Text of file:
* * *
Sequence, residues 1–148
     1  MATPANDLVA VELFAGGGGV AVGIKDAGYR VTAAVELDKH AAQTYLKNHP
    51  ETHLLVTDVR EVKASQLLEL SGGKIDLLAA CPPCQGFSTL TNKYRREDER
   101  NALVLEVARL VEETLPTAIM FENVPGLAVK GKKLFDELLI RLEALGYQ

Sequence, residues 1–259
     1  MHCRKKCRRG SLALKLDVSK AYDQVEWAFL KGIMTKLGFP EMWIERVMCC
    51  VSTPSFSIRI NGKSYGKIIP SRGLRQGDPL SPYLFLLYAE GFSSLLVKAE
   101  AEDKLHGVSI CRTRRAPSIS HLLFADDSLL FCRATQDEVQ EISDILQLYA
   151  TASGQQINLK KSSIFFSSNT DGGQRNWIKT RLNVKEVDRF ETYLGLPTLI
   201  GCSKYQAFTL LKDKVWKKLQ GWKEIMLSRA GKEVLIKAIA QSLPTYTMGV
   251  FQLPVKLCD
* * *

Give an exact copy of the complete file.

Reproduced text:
Sequence, residues 1–148
     1  MATPANDLVA VELFAGGGGV AVGIKDAGYR VTAAVELDKH AAQTYLKNHP
    51  ETHLLVTDVR EVKASQLLEL SGGKIDLLAA CPPCQGFSTL TNKYRREDER
   101  NALVLEVARL VEETLPTAIM FENVPGLAVK GKKLFDELLI RLEALGYQ

Sequence, residues 1–259
     1  MHCRKKCRRG SLALKLDVSK AYDQVEWAFL KGIMTKLGFP EMWIERVMCC
    51  VSTPSFSIRI NGKSYGKIIP SRGLRQGDPL SPYLFLLYAE GFSSLLVKAE
   101  AEDKLHGVSI CRTRRAPSIS HLLFADDSLL FCRATQDEVQ EISDILQLYA
   151  TASGQQINLK KSSIFFSSNT DGGQRNWIKT RLNVKEVDRF ETYLGLPTLI
   201  GCSKYQAFTL LKDKVWKKLQ GWKEIMLSRA GKEVLIKAIA QSLPTYTMGV
   251  FQLPVKLCD